Dreams can lead to aspirations achieved or to high hopes crushed. They can be the source of creative genius or can motivate evil deeds. They can result in love or, when broken, be the source of despair.
Every one of those results is at play in the 1981 musical Dreamgirls, loosely based on the rise of The Supremes in the 1960s. A superb touring version of this show is onstage now at the Aronoff Center.
Too often touring shows cut corners. Not here. While this production doesn't have movie or TV stars in its key roles — it does offer an American Idol second runner-up, Syesha Mercado, as Deena, Dreamgirls’ Diana Ross counterpart — its cast is full of talented, veteran stage performers who can sing, dance and, above all, act.
Its organizers are aiming to land on Broadway early next year, and it’s easy to imagine this show being a significant contender for the 2011 Tony Award for best revival. Its scenic and lighting designs are innovative and spectacular. From start to finish, Dreamgirls offers Cincinnati audiences a full-fledged Broadway production.
I hope you’re not one of those folks who suggests that the 2006 movie was enough for you. It was an excellent, powerful piece of filmmaking, but this stage production of Dreamgirls is a forceful reminder of why live theater wins hands-down when it comes to evoking powerful emotion.
If you saw that film, you certainly remember another American Idol talent, Jennifer Hudson, in her star-making turn as Effie White, the singer pushed aside for more glamorous and marketable talent. That role made a name on Broadway nearly 30 years ago for Jennifer Holliday, who won a 1981 Tony Award.
On this tour, the performer to watch is Moya Angela (pictured above). When she bares her soul singing “And I Am Telling You I’m Not Going” to finish the show’s first act, she unleashes some of the most powerful emotion you’re going to see onstage. Her performance evoked a spontaneous standing ovation — a rare feat at the Aronoff, where such responses predictably happen at the curtain call whether or not a show deserves it. Angela earns it, and Cincinnati audiences should remember her.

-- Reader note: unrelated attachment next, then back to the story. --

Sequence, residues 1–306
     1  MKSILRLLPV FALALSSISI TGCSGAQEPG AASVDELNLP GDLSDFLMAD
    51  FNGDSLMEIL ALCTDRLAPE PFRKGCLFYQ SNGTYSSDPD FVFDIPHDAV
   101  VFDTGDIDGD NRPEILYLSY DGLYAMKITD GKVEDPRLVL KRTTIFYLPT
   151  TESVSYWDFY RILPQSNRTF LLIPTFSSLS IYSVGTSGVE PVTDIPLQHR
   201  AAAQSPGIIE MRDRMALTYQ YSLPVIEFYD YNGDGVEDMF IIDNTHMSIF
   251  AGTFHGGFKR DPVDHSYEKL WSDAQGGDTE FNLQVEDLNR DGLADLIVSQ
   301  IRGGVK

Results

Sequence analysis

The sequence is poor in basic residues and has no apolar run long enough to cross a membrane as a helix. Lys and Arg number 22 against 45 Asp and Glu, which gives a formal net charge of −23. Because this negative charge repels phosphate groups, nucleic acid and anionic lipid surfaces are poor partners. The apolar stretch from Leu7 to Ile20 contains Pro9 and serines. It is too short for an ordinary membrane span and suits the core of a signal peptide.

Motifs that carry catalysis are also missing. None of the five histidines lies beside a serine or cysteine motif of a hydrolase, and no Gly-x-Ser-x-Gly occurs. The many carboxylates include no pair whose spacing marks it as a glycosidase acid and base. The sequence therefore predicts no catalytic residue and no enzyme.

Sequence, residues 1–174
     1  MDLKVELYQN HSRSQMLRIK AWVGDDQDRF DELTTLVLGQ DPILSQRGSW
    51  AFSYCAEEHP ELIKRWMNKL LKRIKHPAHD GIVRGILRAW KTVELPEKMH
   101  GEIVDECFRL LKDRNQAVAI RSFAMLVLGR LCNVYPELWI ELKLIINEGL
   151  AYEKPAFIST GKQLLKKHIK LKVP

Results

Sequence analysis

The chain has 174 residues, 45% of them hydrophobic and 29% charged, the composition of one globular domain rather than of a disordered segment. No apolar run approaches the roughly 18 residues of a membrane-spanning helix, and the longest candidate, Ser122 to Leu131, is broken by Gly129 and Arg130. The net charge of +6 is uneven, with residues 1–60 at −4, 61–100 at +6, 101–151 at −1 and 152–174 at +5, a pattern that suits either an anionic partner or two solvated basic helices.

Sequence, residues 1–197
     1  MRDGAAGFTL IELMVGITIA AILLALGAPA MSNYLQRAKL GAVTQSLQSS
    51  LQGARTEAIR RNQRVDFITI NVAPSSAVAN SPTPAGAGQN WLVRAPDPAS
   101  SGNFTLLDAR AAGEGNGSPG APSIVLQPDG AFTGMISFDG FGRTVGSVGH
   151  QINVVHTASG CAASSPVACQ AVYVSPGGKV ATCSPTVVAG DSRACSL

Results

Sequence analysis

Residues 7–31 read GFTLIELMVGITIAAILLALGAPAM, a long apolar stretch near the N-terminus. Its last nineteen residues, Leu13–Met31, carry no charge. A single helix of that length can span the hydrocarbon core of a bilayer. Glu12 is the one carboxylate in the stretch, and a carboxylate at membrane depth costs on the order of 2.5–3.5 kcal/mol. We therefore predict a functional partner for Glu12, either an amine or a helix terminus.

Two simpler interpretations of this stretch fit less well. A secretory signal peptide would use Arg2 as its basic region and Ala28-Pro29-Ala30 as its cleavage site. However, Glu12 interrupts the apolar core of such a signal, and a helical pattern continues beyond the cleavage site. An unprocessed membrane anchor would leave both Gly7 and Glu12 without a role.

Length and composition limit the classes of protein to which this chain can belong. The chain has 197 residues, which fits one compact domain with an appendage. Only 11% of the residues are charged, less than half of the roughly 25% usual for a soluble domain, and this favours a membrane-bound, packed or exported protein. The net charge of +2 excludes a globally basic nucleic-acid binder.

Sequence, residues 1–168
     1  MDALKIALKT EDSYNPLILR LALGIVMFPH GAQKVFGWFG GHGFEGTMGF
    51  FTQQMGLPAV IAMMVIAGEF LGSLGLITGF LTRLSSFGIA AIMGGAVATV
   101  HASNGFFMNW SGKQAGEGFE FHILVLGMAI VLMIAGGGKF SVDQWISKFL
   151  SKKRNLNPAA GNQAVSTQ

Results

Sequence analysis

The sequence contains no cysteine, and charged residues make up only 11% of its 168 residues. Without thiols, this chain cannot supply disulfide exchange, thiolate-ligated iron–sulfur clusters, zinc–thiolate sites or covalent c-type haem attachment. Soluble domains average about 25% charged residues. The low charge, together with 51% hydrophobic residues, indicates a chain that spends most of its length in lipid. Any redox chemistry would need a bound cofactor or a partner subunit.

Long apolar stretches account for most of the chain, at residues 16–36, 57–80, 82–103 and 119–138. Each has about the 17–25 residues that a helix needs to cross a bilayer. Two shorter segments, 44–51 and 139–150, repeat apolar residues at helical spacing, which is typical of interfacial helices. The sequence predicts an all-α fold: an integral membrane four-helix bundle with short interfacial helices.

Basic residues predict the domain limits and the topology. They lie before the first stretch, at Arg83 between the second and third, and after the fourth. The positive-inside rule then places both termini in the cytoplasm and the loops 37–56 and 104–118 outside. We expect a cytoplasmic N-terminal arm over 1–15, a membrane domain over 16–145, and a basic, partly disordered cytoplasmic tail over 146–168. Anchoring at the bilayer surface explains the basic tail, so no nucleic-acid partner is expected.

They should also remember Chester Gregory as James “Thunder” Early, the character inspired by James Brown. He has all the physical moves and vocal sass required of the role, and we watch his tragic spiral from fame (the “Dreamettes” are first recruited as his back-up singers) to failure as his manager tries to broaden his appeal. His onstage breakdowns evolve from funny to horrific. Chaz Lamar Shepherd is also memorable as Curtis Taylor Jr., the Dreams' manipulative manager.
This production also offers a lot of visual pleasure. Spectacular costumes (William Ivey Long) change constantly, and the lighting design (Ken Billington) is breathtaking. Five tall panels with grid-like surfaces span the stage from side-to-side and from the floor to the top of the proscenium. They're actually LED displays that provide video backdrops for London and Paris as the Dreams' worldwide fame expands, as well as urban environments and glitzy stage scenes for Miami and Vegas. They can elevate and turn for greater variety, offering a quick suggestion of backstage at the Apollo or a political convention.
Actual scenery is minimal and unnecessary. This is truly a 21st-century production that demonstrates using technology as a dynamic element to tell its story.
But Dreamgirls is ultimately a story of real, flawed people. We see, hear and feel their emotions, their triumphs and their failures. It’s a dream of a show.
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